This is a classic already in my book. It’s so well made, so spectacular in its look and details. It shows what a master Cuaron is and why he is one of my all time favorite movie makers. This is a movie about human beings, life and real people. The film is set in 1970 Mexico city and shot in gorgeous black and white. It centers on Cleo, one of two maids for a middle class family. She is quiet, attentive and really loves the four kids under her care. For the first 20 minutes or so, we are just observing her daily routine as she cleans, cooks, gossips with the other maid, tucks the kids in bed and even shares some time with the family as they watch TV.
We observe the world through her perception. Like his masterpiece “Y Tu Mama Tambien“, Mexico is another character in the background. Cleo hears about some political unrest, some land issues, a revolution perhaps but it is in the background as she deals with boyfriend issues and family matters that her employer is going through. There is so much going on here. It is filmed with such loving detail that this will pay even more on repeat viewings.
Something happens, “things” that we cannot see invade earth, those who see them go nuts and kill themselves, Malorie (Sandra Bullock) is one of the survivors who basically have to wear blindfolds now unless they are indoors…Well it’s a mixture of a survival-apocalypse story in one timeline and a rough river journey as Malorie, blindfolded still, is trying to get two kids to safety somewhere in another timeline five years later. Bullock acts her butt off here but I really could not much care for the characters or feel much for what the whole non-nonsensical situation was.
It’s a welcome sight to see another quirky, great looking, dark and comical at the same time piece of work. In a series of short stories set in the American west we get all those and more. Some of the “ballads” are better than others and they range from the absurd to the surreal, but the overall work is excellent and made for an excellent Saturday night viewing as a storm was blowing outside.
Saulnier is now three for three with me. He is a competent filmmaker that crafts tight thrillers with smart characters. This one centers around an unknown punk rock band of twenty-somethings who see something they should not have seen at a gig they picked up somewhere in the remote woods of Oregon. The characters are smart and behave like real people. They make choices that probably most people would make if they are cooped up in a place with neo-Nazis outside their room trying to kill and get rid of them. The performances are very good especially Patrick Stewart as the leader of the gang and the late Anton Yelchin who plays one of the musicians.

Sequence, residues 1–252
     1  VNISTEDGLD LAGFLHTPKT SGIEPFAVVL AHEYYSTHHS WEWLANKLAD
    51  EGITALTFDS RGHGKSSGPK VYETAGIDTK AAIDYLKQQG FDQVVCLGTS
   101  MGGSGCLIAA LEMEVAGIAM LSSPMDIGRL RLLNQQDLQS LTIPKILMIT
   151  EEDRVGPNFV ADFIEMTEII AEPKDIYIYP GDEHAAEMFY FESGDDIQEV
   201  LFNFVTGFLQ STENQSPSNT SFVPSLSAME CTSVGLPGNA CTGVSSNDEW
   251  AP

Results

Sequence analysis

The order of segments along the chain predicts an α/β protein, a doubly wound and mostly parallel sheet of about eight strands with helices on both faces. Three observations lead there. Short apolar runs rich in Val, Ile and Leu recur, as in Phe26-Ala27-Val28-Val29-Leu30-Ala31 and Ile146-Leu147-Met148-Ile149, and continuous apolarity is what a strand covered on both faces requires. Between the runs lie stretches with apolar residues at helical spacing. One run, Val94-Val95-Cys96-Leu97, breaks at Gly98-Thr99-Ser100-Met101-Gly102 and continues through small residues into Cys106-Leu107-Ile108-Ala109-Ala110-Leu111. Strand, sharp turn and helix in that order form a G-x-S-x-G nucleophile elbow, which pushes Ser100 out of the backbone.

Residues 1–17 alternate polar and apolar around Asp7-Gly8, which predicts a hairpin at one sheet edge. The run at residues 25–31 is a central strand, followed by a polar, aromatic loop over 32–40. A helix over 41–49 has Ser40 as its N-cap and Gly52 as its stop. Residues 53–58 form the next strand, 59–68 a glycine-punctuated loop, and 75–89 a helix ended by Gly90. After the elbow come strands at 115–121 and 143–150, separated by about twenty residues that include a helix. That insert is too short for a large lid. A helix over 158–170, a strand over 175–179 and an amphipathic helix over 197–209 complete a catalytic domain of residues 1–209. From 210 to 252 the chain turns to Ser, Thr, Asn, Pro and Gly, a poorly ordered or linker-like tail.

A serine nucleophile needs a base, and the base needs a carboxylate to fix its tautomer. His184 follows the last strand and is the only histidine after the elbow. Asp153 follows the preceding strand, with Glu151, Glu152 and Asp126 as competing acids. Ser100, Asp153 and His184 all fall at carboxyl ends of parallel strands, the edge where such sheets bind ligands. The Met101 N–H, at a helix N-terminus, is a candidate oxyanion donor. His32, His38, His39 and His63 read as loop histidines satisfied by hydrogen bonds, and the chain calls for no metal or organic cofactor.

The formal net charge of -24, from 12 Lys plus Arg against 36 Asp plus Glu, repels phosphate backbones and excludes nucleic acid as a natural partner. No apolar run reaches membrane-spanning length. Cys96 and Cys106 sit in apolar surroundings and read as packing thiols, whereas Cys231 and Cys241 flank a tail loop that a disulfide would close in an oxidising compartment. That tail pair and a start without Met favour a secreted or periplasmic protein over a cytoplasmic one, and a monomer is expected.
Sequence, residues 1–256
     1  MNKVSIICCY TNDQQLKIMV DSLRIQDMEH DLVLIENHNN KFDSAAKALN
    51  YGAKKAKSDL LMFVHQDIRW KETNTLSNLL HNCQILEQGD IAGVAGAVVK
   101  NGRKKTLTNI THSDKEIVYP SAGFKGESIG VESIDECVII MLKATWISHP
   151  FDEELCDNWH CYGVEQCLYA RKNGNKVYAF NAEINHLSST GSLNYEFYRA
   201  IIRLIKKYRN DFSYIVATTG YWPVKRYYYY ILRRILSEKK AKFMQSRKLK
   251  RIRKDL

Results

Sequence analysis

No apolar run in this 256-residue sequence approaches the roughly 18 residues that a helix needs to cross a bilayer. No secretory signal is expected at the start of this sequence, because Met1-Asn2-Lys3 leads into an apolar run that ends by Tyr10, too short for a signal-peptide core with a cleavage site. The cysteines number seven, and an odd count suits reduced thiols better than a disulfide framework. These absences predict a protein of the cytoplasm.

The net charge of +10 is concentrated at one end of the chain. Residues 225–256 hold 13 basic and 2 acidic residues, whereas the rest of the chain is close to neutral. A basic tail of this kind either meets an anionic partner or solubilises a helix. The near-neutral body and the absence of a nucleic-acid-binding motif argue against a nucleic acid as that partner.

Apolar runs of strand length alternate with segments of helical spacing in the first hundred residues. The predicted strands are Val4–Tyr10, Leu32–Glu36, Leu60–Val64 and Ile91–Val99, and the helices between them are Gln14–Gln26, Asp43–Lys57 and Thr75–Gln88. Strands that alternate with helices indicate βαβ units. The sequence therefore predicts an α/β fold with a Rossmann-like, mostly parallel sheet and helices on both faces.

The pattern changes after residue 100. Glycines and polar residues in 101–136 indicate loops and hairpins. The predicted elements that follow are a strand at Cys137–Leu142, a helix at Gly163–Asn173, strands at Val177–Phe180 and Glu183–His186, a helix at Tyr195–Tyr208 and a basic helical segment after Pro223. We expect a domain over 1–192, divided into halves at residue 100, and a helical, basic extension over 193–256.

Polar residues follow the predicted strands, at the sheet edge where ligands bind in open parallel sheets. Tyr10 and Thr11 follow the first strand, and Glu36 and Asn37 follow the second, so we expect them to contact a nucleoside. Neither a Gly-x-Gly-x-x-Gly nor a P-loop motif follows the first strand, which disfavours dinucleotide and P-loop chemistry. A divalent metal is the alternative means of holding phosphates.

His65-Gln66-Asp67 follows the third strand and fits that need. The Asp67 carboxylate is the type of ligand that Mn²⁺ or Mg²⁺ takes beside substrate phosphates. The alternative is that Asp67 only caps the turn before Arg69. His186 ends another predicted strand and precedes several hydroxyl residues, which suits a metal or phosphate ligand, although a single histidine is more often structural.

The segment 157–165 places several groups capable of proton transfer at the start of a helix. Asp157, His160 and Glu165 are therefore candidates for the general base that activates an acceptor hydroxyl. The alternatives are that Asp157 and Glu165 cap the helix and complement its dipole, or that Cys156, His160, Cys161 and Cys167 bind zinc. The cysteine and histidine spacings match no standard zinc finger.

In a small Alaskan town a little boy goes missing, taken by wolves that roam the area presumably. The mom enlists a wolf expert who wrote a book about them (Jeffrey Wright) to find him. Where it goes from there is not by any means what one might expect. The mystery of the boy missing is really resolved in the first 20 minutes maybe before we delve into a superb psychological and possibly fantastical exploration of desolation, depression, violence, nature and man. The tone is very deliberate as Saulnier introduces and fleshes out the main themes. The father (Alexander Skarsgard) is in Afghanistan, is a man of few words and really violent tendencies. He is an apex predator. The mother, Medora, played so well by Riley Keough, is mysterious and just tough to pin down. We touch on Native American issues and their relationship with the community at large and law enforcement in particular. Really what the over arching theme here is the wolves. They are perfect for living in their environment. They hunt. They have a hierarchical system. They can kill and eat their young. The missing boy’s parents seem to mirror the wolves that roam the frozen landscape of this movie. They almost cannot live anywhere else either. This is not the most approachable of Saulnier’s films, but it works for me on many levels from its harsh landscapes and dim lighting to the slow pace, excellent performances and surreal aspects.
Really insane film with crazy, good crazy, Cage performance. It’s a surreal dark story of a couple in love, Red and Mandy, living in what seems like a forest cabin. He’s a lumberjack of course. They get attacked by a weird (is there any other kind?) hippie cult whose leader wants Mandy to join his group of lady friends. Things go horribly wrong and the movie descends into a sort of rock opera, horror revenge thing with psychedelic red tones, mutants, coke and even a chainsaw battle. What can i say? It’s definitely not for everyone but I liked this bizarre adventure.
What would someone do to be truly great, to achieve perfection over and over? This is a topic I am always fascinated by. The sacrifice and hard work of those at the top of their game makes for great movies and documentaries. When Andrew (Miles Teller) gets picked by Fletcher (J.K. Simmons) to join his Jazz band in a prestigious conservatory he sees it as his ticket to greatness. Fletcher’s group is the best of the best, he shapes great musicians and our drummer protagonist worked his butt off to make it there. J.K. Simmons does and amazing job as Fletcher. He is menacing, ruthless, scary but can also lull you into comfort before breaking you down. If Andrew’s dream is to be on of the greats, the real Greats as a drummer, it is Fletcher’s dream to produce one of the greats from his class. While I think Fletcher is a horrible person, the film almost makes a case that him and Andrew are made for each other. Miles Teller does a hell of a job here as well and with Chazelle’s tight direction, awesome music and an outstanding finale this makes for a masterpiece of a movie.